Karl Popper’s violent assault on Hegel and Marx was one more contribution to mutual animosity. Popper’s philosophy of science is in fact Kantian, not empiricist or positivist: but this has always mattered much more to him than to his critics. It was sufficient for the opponents of analytical philosophy that The Open Society and its Enemies and The Poverty of Historicism were all of a piece with his ‘falsificationist’ philosophy of science and that both savaged Marxism as intellectually, morally and politically disastrous. Popper argued that absurd scientific pretensions led inexorably to the closed society and the totalitarian state. Marx and Lenin were the heirs of Plato’s philosopher-kings, demanding the right to build utopia on the wreckage of bourgeois liberalism. Marxists who dismissed Popper’s attacks as far-fetched or misconceived concluded that Marx could not expect a fair hearing from Anglo-American philosophy.

‘Analytical Marxism’ answers that charge. Its essential purpose is to show that much – or most, or some – of what is central to Marxism stands up to critical inspection. This isn’t simply a matter of translating an esoteric knowledge into empiricist terms; its adherents have no time for Parisian high fashion or Frankfurtian obscurity. What is worth learning from Marx can be stated clearly, and defended in the plainest prose. Lest that give the impression that Jerry Cohen, Jon Elster and John Roemer see themselves as Marxists first and philosophers second, it must at once be said that their work is remarkable for the unflinching way in which they throw out whatever won’t pass a dispassionate scrutiny. Elster’s Making sense of Marx has been attacked by its Marxist critics as an exercise in showing that Marx mostly doesn’t make sense. Cohen’s Karl Marx’s Theory of History is subtitled ‘A Defence’,1 but even when it appeared nearly ten years ago, he was committed only to the bare plausibility of Marx’s claim that social change is to be explained by its function or purpose and, more specifically, that it occurs ‘in order to’ promote the development of the forces of production. Since then, he has steadily given ground to his critics – among the most tenacious of whom has been Jon Elster. Cohen has largely stood by his interpretative claim that Marx explained social change in functional terms, but he now agrees with Elster that such explanations are indefensible. If he is a Marxist at all, he isn’t by his own standards an orthodox one.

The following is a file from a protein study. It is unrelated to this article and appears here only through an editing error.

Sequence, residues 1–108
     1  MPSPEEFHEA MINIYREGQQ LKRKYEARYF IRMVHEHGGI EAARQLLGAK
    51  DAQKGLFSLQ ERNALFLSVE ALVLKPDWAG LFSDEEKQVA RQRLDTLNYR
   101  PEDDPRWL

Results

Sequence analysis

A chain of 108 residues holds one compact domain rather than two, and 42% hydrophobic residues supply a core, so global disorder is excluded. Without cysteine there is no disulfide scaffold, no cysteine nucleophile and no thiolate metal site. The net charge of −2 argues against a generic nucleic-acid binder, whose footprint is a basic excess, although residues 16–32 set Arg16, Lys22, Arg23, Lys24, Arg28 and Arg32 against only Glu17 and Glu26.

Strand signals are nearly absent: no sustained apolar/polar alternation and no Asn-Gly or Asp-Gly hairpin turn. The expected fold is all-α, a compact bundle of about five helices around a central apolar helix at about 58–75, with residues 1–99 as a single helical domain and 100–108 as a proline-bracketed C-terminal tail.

Similarly, Roemer’s scrutiny of Marx’s theory of exploitation has taken him far beyond Marx’s own account of the subject; his essay ‘Should Marxists be interested in exploitation?’ (reprinted in Analytical Marxism) draws on J.S. Mill and John Rawls as much as on Marx himself. The result is to downgrade Marx’s obsession with exploitation. In Marx’s own work, exploitation is a key concept, explanatory and evaluative. All societies where private property exists are built on forced labour; in all class-divided societies the surplus product is ausgepumpt from the producers to the exploiters. Marx created the theory of surplus value to explain how it was that forced labour existed under capitalism, and how intangible value, rather than corn or cattle, was ausgepumpt from the industrial worker. Roemer denies that exploitation is a ‘fundamental’ term of explanation or appraisal; if what we mean by ‘exploitation’ is ‘forced labour’, then a denial of freedom is involved and freedom is the fundamental notion; if we mean ‘unrequited labour’, then it is a denial of justice, and justice is the fundamental notion. It is only the superstitious Marxist who thinks that ‘exploitation’ is a fundamental term of social analysis and moral appraisal. We deplore exploitation because we approve of freedom and justice. Marx was inclined to dismiss talk of justice as a ‘bourgeois ambush’ and ‘moralising filth’, so it is easy to see that analytical Marxists are far from engaging in hagiological exercises.